Broccoli is a cool-season crop which can be grown in the fall or spring. If you time planting correctly, you may be even able to get a continual harvest throughout both seasons. Broccoli is a member of the cabbage family and is rich in vitamins. If you have a vegetable garden, you probably do not want to exclude a vegetable such as broccoli. Growing broccoli is not that hard and in this article we will take a look at how to grow broccoli in your own garden.
When to plant
Start seeds indoors 6 weeks before your last spring frost, for a summer harvest, and set out hardened-off seedlings when they are about 4 weeks old. If you want, you can also seed broccoli directly into a nursery bed and later transplant the seedlings to the garden. You should do it 3 weeks before your last frost. Start seeds indoors twelve to fourteen weeks before your first fall frost, for a fall harvest, and set the seedlings out when they are 4 to 6 weeks old. You can also seed broccoli directly into a nursery bed and transplant the seedlings to your garden. This should be done 8 weeks before your first fall frost.
How to plant
Since broccoli is a heavy feeder, plants take up nutrients best when the soil pH is 6 or 7. Before planting, choose a fertile, well-drained soil which is sunny. First, loosen the planting bed and then mix in up to one inch of mature compost. Also mix in a high-nitrogen organic fertilizer if your soil is not very fertile. Make sure to water the bed thoroughly before you set out seedlings. The space between plants should be 18 to 20 inches. However, dwarf varieties can be planted twelve inches apart from each other.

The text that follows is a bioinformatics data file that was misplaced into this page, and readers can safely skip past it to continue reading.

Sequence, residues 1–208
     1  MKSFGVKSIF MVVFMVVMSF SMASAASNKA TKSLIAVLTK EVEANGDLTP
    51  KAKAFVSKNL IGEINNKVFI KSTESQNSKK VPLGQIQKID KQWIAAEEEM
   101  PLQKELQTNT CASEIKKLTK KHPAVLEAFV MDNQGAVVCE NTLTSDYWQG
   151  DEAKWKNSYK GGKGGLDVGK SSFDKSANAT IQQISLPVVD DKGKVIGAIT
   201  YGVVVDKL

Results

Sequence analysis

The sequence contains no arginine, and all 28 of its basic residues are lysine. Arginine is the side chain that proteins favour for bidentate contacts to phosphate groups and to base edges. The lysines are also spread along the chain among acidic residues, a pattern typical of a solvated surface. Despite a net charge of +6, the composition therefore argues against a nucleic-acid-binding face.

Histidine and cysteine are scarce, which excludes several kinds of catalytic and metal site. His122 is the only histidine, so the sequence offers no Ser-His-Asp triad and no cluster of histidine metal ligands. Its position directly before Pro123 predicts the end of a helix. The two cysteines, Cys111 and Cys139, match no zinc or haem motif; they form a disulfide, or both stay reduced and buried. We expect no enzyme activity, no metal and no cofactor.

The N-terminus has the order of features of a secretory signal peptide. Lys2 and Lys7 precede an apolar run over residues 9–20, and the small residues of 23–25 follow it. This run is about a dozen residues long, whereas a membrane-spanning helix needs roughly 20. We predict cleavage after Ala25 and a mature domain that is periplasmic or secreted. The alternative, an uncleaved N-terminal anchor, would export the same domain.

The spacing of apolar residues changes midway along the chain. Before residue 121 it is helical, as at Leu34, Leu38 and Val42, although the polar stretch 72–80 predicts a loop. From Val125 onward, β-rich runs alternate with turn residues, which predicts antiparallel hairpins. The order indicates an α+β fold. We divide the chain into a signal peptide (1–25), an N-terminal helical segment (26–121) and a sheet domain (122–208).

Harvest and store
You should harvest broccoli heads when the beads in most of the crown are still tight and when the florets around the edges of the head start to show slight loosening. Cut the stems at an angle. By doing so, you’ll keep water from pooling inside the cut steam, which causes rot. The cut heads should be refrigerated immediately. Steam-blanch broccoli before freezing it to get top home-preserved quality. Most varieties produce secondary heads, and for that reason you should continue to water the plants after harvest.
Keep an eye on broccoli raab, and harvest when the first flowers show their yellow petals. Broccoli raab and sprouting broccoli are also cut-and-come-again crops which produce a second flush of buds. Average yields are about one pound of broccoli pet foot of row when plants are spaced eighteen inches apart. 3 to 4 plants per person is enough for summer eating. However, if you want a freezer crop for winter, you should triple that number.
Before they flower heavily, most varieties of broccoli must be exposed to winter chilling. However, plants die if exposed to single-digit temperatures. For this reason, most seeds are produced in areas with mild winters. It is wise to isolate plants to keep broccoli from crossing with kale, cabbage, and other close cousins. You should harvest seeds when the slender pods dry to tan and the seeds inside are black or dark brown.
Choose the biggest, most perfect seeds for planting. When stored in dry, cool, dark conditions, broccoli seeds will keep for five years. It is recommended that you test seeds which are more than 3 years old before relying on them for a main crop. All you have to do is put a few in a wet paper towel for 5 days to confirm they’ll sprout.